2 Comments

Earning It.

I recently came across an article by critic Chris Jones of the Chicago Tribune entitled: “The real engine behind the arts? Teacher paychecks.” Needless to say, as a current student at an Acting conservatory (with a whopping $46,000 tuition bill), I was intrigued.

Jones goes on to explain how “the money provided to the arts and artists by universities, and by the tuition paid by their students, far exceeds any and all state and federal funding for the arts,” and that, “rather than going after elected officials who have so much less to give and much less interest in doing so,” the goal should be to hire more artists as teachers, thereby gaining “a professional artist on the university’s dime.”

My “favorite” section of the article is the following: “This can go wrong. Some students sign up for classes or programs with celebrity artists only to discover they are never in the classroom and are interested only in a paycheck while they work outside. Some artists are lousy teachers. Some teachers are lousy artists. But almost always it turns out to be a win-win.”

In theory, this might seem like a totally viable, perhaps even an ideal solution. In reality, however, I think it is a whole bunch of baloney.

Although I appreciate Jones’s effort to confront the difficulties and inconsistencies within his argument, I have to say, his absurd blanket statement: “almost always it turns out to be a win-win,” is truly comical. I would love the see the evidence for that one.

Anyone who has ever worked with a truly exceptional teacher understands what an incredible gift that time is. The problem with Jones’s model, however, is that it isn’t built about these exceptional teachers who choose to teach because they love to do so. It’s built around wrangling professional artists into teaching because it’s the only viable way for them to survive! Inevitably, you will have the artists (celebrity, or not) who are there to make money, not to teach. You will also have the artists who, although well intentioned, simply are not skilled teachers. And who suffers in the end? The students: the next vital generation of theatre artists. Jones’s proposal is an idealized Band-Aid. Not a true solution for a growing problem.

In very exciting UK news, however, England’s Living Wage Foundation has just awarded an accreditation to Theatre Delicatessen, England’s first theatre company to be officially accredited as a living wage employer. The theatre will be paying all permanent staff £8.80 per hour ($14.29), and all temporary staff £7.65 per hour ($12.42).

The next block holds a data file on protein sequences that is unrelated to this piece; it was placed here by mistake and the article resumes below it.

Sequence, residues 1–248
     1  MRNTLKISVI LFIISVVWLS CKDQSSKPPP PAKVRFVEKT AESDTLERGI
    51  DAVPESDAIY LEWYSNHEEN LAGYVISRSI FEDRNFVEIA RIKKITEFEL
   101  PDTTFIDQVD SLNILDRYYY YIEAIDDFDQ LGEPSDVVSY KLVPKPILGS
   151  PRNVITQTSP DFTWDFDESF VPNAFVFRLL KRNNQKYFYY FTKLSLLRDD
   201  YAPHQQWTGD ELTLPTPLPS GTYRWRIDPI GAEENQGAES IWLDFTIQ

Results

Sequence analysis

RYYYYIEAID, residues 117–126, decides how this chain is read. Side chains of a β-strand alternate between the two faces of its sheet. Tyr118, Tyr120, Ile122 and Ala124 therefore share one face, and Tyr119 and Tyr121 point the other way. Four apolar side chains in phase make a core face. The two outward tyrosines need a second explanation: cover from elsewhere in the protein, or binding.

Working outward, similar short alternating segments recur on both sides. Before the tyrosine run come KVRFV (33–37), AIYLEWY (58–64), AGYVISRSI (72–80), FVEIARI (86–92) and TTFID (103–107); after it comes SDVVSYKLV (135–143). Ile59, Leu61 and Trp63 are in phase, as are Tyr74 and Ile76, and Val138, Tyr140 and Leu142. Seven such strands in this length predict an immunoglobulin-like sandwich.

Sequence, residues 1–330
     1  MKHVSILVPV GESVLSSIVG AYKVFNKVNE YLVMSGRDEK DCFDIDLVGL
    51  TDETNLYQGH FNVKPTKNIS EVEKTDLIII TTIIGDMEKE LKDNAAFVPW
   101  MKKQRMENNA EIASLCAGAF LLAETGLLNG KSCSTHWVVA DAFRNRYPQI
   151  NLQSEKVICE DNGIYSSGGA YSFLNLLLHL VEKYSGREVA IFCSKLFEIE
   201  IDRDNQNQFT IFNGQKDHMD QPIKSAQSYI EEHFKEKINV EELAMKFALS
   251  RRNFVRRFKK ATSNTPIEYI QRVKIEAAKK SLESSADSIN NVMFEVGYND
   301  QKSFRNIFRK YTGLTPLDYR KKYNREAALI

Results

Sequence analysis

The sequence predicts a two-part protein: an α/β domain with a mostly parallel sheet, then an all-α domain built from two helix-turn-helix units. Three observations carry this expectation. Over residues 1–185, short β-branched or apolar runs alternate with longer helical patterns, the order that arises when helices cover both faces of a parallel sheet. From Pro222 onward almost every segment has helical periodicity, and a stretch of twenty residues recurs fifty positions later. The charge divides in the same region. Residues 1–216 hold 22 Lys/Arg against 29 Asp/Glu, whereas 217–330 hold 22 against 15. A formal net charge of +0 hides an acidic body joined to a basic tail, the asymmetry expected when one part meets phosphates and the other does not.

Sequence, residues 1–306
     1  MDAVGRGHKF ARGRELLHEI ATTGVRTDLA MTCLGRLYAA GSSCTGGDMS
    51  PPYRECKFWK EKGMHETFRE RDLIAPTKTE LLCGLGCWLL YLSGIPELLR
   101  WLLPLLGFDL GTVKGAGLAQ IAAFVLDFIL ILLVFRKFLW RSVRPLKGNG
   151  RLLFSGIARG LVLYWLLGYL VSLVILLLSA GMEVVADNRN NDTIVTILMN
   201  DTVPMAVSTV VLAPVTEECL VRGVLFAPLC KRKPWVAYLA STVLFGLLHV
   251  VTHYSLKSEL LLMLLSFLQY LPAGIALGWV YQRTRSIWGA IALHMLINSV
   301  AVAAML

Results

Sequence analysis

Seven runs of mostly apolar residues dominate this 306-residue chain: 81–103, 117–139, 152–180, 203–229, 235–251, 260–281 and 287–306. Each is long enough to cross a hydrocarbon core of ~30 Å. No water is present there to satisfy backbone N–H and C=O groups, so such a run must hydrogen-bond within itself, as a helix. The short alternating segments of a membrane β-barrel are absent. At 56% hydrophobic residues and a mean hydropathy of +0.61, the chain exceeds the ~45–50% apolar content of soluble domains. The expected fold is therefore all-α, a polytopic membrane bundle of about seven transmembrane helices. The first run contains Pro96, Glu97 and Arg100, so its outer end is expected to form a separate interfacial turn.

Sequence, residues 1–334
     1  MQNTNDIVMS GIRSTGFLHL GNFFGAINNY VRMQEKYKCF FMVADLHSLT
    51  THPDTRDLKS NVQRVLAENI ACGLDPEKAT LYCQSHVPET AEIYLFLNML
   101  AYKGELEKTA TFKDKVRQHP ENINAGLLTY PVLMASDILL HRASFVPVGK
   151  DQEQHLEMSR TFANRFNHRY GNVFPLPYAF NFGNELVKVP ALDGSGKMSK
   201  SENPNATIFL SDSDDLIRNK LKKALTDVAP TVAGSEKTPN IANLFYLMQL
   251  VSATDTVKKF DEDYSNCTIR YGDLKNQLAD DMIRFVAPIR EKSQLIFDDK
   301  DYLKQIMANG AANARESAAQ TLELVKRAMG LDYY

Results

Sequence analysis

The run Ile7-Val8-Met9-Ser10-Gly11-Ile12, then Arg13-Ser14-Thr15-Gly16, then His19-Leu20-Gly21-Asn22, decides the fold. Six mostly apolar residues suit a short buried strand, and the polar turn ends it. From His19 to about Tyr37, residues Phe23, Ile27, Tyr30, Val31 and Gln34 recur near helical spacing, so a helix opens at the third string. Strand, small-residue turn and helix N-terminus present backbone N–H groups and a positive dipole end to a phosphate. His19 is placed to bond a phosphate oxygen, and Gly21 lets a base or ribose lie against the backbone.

Jessica Brewster, the theatre company’s founder, expressed the following: “Ethically we believe that artists are entitled to a decent standard of living. Just because someone chooses to follow a creative career path doesn’t mean they should sign up to a lifetime of low pay.”

And there you have it, America. It is truly as simple as that. Band-Aids are not the answer. Backing off of the government because they have “less to give and much less interest” is ludicrous beyond explanation. Ethically, a hard day’s work, whether creative or not, should be rewarded with a fair day’s pay. So let’s step up to the plate, America. Your artists need you.  And they’ve earned it!

Theatre Delicatessen.

Theatre Delicatessen.

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2 comments on “Earning It.

  1. As an artist and teacher, I like Jones’ idea, but you’re right, it’s not actually a solution for low artist-pay. But presuming the government continues to bot fund the arts, what do we little people do?

  2. This also is reflected in college teaching positions in all fields and I read an article a while back about how adjunct/part-time professors are getting loop-holed out of things like healthcare… Here’s a different article that talks about this as well– http://www.takepart.com/article/2013/04/23/colleges-cheating-adjunct-professors-health-insurance

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